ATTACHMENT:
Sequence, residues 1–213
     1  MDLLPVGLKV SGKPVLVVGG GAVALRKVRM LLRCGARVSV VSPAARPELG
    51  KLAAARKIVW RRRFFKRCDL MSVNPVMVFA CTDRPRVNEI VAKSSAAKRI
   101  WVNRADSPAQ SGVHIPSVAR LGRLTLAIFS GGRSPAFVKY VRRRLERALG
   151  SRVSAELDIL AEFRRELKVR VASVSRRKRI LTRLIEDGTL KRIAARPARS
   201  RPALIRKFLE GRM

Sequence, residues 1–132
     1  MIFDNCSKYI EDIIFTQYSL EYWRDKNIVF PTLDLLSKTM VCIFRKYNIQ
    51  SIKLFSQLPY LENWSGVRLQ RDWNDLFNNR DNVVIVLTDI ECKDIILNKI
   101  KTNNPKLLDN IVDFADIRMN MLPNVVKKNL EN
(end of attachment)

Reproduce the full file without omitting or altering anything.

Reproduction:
Sequence, residues 1–213
     1  MDLLPVGLKV SGKPVLVVGG GAVALRKVRM LLRCGARVSV VSPAARPELG
    51  KLAAARKIVW RRRFFKRCDL MSVNPVMVFA CTDRPRVNEI VAKSSAAKRI
   101  WVNRADSPAQ SGVHIPSVAR LGRLTLAIFS GGRSPAFVKY VRRRLERALG
   151  SRVSAELDIL AEFRRELKVR VASVSRRKRI LTRLIEDGTL KRIAARPARS
   201  RPALIRKFLE GRM

Sequence, residues 1–132
     1  MIFDNCSKYI EDIIFTQYSL EYWRDKNIVF PTLDLLSKTM VCIFRKYNIQ
    51  SIKLFSQLPY LENWSGVRLQ RDWNDLFNNR DNVVIVLTDI ECKDIILNKI
   101  KTNNPKLLDN IVDFADIRMN MLPNVVKKNL EN